T

he first uterus transplant in the US failed this week, but doctors at the Cleveland Clinic plan to keep trying, hoping to replicate the success of surgeons in Sweden. It’s an exciting time for reproductive medicine around the world. Here’s a rundown of the latest advances in the lab, the operating room, and the fertility clinic.

1. Creating three-parent embryos

Women with certain genetic diseases are one step closer to being able to have healthy children, through a controversial procedure that involves creating an embryo using genetic material from three parents. The technique involves combining parts of the eggs from two women and fertilizing them with a man’s sperm. An expert panel recommended last month that research proceed in the US.

2. Experimenting with penile transplants

The first US patient to have a penis transplant has been selected: He’s a soldier reportedly injured in Afghanistan. Johns Hopkins doctors will carry out this procedure, which has been in the works for over a year — and they have permission to do dozens more. Only the penis will be transplanted — not the testes, which house the sperm — so the individual may or may not be able to have children after the procedure, depending on his prior injuries. Doctors are still looking for a donor.

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3. Helping immature eggs get up to speed

A new technique known as in vitro maturation, or IVM, takes immature eggs from a woman and grows them in a lab. When mature, they’re fertilized and implanted. The procedure has the potential to help women with certain ovarian disorders have children, but it is still experimental.

4. Building sperm in a lab

Researchers in China have created sperm-like mouse cells in a Petri dish, which may prove useful for the millions of couples struggling with male infertility. Since these cells lack tails, they can’t swim into an egg, and must be injected. But they’re otherwise viable: They were able to fertilize eggs and generate offspring in mice. Scientists are excited about the prospects but caution that clinical applications are a long way off.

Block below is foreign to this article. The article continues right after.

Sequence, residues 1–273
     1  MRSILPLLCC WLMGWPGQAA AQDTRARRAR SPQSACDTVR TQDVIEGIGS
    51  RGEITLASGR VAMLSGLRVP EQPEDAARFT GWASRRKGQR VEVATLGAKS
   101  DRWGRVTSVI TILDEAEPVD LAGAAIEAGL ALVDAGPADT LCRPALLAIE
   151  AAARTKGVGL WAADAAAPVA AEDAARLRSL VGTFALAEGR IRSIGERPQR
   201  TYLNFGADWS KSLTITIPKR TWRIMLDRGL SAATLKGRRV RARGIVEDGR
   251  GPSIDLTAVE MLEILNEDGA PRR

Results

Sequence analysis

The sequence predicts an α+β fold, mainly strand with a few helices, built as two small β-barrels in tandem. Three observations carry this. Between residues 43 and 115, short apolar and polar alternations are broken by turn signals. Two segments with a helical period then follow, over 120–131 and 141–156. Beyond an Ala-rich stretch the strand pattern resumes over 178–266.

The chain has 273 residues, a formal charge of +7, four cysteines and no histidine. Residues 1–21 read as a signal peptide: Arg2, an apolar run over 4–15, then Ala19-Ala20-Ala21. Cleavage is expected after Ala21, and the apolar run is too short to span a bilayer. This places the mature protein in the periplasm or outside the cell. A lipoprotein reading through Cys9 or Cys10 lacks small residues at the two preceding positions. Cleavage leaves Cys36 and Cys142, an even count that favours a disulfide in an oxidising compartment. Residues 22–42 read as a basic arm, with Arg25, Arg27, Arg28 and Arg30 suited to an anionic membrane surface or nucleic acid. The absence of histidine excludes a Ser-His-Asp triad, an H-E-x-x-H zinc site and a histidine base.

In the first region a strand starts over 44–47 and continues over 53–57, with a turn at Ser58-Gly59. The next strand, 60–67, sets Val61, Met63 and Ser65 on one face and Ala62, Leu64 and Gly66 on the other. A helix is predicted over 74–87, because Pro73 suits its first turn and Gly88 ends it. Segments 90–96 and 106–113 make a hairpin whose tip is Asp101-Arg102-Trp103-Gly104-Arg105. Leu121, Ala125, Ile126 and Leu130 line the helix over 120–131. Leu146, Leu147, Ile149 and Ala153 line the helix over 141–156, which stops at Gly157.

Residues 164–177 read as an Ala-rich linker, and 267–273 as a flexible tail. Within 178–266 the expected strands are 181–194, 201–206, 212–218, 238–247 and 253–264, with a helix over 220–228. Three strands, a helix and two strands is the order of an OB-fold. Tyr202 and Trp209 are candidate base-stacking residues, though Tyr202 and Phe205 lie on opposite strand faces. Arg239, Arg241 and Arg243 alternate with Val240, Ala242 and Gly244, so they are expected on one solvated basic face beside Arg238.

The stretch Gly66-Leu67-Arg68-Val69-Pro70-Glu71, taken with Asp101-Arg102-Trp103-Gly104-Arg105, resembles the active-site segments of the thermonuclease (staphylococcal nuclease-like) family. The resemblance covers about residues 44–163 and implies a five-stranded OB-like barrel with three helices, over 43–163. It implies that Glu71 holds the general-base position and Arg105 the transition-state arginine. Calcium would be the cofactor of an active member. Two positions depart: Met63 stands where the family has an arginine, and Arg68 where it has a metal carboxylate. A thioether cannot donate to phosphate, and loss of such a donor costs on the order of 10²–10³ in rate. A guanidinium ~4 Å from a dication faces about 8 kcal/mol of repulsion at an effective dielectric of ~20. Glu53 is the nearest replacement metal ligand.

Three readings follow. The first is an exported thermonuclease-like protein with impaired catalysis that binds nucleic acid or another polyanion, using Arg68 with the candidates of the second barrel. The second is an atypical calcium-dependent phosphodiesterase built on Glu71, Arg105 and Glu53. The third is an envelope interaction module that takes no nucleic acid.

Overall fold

5. Squishing embryos to test their strength

Stanford researchers announced last month that they’d developed a technique to determine whether an embryo should be implanted in an in vitro fertilization procedure. The trick: Check how squishy it is. The squishiness predicts how well the embryos will undergo cell division — and, in theory, how likely they are to thrive. A human trial is underway.

6. Transplanting a womb to make pregnancy possible

As the failure in Cleveland this week demonstrated, uterus transplants are tricky. But they can work: Swedish doctors have done several successful uterus transplants, and at least four of their patients have been able to carry pregnancies to term in the donated womb. It may even one day be possible to implant a uterus in a transgender woman, who could then become pregnant despite having been born a biological male.

7. Expanding the freezing of eggs and sperm

Back in 2014, tech companies like Facebook and Google made headlines when they decided to cover the cost of female employees freezing their eggs for later use. Now the American military is following suit. It announced this year that it will cover freezing of both eggs and sperm. The procedure could let service members have children even after an injury to their reproductive organs.

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